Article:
Raymond Leppard, UK-born conductor and scholar resident in the US, 92:
“I had simply created my own road between classical and jazz – and all doors opened for me. And they’ve remained open because, for decades, nobody else followed the path I had taken.”

Jacques Loussier, French pianist and composer well known for his jazz interpretations, arranged for trio, of many of the works of Johann Sebastian Bach, such as the Goldberg Variations, 84:
“I fell in love with the music of Bach when I was 10 ... and I immediately began changing the harmonies, looking for other themes and improvising. It felt quite natural, and it amused me.”

Spiro Malas, American bass, 86
Arif Malikov, Azerbaijani composer, People’s Artist of the USSR (1986), 85
Marilyn Mason, American concert organist and university pedagogue, 93
Wolfgang Meyer, German clarinetist, 63
Viktor Moučka, Czech cellist and last founding member of the Vlach Quartet, 93
George Neikrug, American cellist and university pedagogue, 100
Ib Nørholm, Danish composer and organist, 88

Rolando Panerai, Italian baritone, 95:
“Young singers should just think about singing well, and not necessarily worry about a long career.  It is best to sing well and not become big-headed.  The rest comes all by itself.”

Kees Olthuis, Dutch bassoonist and past bassoonist of the Royal Concertgebouw Orchestra, 78
Robert Orth, American baritone, 72
Richard Ortner, American classical music education administrator, 71
Vincent Pavesi, French bass, 49
Vivien Perlis, American musicologist and music historian, 91
Barrington Pheloung, Australian composer, 65
Sam Pilafian, American tuba player and founding member of the Empire Brass Quintet, 69
Noel Rawsthorne, British organist, 89
Jack Renner, American classical recording engineer and co-founder of Telarc Records, 84
Sue Revill, British classical record company financial administrator, 63

Aaron Rosand, American concert violinist, 92:
“The Kochanski del Gesù has remained my faithful companion, my voice, for 40 nearly years. With the first notes I played on this magical instrument, I lost my heart.”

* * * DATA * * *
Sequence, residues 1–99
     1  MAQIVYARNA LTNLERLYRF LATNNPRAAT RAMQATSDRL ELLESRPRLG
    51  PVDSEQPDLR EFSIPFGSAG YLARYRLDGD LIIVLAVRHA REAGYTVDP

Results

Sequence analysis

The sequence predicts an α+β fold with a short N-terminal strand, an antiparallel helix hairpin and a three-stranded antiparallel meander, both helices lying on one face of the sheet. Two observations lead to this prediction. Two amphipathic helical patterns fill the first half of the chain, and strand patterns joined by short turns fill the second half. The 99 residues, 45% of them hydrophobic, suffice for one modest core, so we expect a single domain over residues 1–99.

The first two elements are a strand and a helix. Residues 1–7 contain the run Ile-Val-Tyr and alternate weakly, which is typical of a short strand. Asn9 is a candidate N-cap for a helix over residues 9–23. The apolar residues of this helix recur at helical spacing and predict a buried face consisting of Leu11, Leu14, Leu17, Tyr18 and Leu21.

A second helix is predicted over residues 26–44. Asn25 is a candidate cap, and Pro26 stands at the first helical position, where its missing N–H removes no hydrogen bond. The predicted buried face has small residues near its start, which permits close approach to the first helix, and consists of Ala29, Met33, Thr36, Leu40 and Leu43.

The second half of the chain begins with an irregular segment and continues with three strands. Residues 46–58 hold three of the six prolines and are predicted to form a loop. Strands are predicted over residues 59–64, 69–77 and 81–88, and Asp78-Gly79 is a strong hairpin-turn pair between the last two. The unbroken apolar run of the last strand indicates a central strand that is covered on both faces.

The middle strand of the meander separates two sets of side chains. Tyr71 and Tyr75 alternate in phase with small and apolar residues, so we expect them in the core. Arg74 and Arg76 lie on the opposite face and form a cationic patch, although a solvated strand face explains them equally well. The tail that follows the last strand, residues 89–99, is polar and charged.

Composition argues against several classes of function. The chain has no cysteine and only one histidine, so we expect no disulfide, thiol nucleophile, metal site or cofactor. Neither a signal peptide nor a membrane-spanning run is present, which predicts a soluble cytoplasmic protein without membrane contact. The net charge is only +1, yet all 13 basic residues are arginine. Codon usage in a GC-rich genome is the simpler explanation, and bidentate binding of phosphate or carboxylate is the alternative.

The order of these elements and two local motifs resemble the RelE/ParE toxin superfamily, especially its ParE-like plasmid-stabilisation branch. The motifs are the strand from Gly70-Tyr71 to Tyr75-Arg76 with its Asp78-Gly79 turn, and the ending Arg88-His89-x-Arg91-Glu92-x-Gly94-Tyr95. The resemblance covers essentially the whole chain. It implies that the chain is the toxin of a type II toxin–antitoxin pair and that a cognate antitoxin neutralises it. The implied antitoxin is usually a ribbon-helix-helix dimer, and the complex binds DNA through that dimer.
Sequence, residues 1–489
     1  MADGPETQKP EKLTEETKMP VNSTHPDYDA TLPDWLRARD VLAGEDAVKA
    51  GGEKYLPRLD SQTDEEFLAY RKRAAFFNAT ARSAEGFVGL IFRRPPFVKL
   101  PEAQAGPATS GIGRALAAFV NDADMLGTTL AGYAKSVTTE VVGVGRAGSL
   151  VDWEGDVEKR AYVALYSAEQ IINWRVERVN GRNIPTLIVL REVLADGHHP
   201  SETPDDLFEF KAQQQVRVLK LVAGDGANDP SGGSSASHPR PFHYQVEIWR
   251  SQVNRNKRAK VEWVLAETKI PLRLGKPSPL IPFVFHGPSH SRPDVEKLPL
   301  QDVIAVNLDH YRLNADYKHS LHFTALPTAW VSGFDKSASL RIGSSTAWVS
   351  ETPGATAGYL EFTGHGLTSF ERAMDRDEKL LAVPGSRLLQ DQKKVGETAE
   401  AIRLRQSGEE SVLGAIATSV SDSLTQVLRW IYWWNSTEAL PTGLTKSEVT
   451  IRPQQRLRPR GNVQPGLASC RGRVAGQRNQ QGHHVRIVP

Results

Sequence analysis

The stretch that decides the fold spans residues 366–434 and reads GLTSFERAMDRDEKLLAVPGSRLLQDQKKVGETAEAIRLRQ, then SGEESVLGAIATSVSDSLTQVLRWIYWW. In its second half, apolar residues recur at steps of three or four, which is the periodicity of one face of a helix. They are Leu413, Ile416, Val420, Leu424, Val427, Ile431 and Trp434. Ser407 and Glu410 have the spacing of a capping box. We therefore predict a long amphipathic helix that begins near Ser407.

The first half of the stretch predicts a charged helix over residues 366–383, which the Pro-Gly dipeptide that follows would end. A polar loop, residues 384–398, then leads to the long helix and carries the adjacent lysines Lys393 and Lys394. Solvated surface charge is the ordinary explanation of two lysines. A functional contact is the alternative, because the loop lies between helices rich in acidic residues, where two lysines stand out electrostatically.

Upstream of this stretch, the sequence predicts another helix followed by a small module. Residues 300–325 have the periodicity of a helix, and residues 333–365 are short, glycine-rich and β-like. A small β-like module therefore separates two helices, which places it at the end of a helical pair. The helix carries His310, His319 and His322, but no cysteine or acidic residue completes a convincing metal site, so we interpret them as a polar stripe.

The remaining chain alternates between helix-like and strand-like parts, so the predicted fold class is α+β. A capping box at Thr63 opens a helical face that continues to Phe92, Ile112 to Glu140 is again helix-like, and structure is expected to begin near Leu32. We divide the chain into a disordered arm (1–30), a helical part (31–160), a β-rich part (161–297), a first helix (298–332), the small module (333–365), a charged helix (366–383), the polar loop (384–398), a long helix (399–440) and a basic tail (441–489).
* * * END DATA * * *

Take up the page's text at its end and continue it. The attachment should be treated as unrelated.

Joseph Rouleau, French-Canadian bass, 90

Christopher Rouse, American composer, 70:
“I was looking at some of my rock records, ‘Moby Grape 69’, the last song is Seeing; that’s a nice title. Twenty-four hours later, that’s my title.”

Sven-David Sandström, Swedish composer, 76
Bogusław Schaeffer, Polish composer, 90
Hansgeorg Schmeiser, Austrian flautist and pedagogue, 63
Hansheinz Schneeberger, Swiss violinist, 93
Alice Schoenfeld, Yugoslavia-born American violinist and pedagogue, 98
Peter Schreier, German tenor and conductor, 84
Gerd Seifert, iconic first horn of the Berlin Philharmonic, 87
Yuri Sheykhet, Russian orchestral violinist resident in the US, 85
Hugh Southern, American arts administrator, 87
Christian Stadelmann, German orchestral violinist and section leader of the Berlin Philharmonic Orchestra, 60
Hans Stadlmair, German conductor and composer, 89
Rémy Stricker, French musicologist, 83
Jitka Šuranská, Czech singer and violinist, 41
Sanford Sylvan, American baritone, known for roles in Nixon in China and The Death of Klinghoffer, 65
Louis Thiry, French organist and composer, 84
Janice Thomson, American oboist, 62
François-René Tranchefort, French musicologist, 86
Rüdiger Trantow, German composer, conductor and pedagogue, 93
Dina Ugorskaja, Russian-born pianist active in Germany, 46
Allan Ulrich, American arts and classical music critic, 78
Theo Verbey, Dutch composer, 60
Patrick Wedd, Canadian composer, organist, and conductor, 71
Martin Wesley-Smith, Australian composer, 74
Theo van Wijngaarden, Dutch orchestral staff member and stagehand, 65
Heinz Winbeck, German composer, 73
James Winn, American humanities scholar and amateur flautist, 71
Hilde Zadek, German-born soprano active in Austria, 101
Mira Zakai, Israeli contralto, 76
Hans Zender, German composer and conductor, 82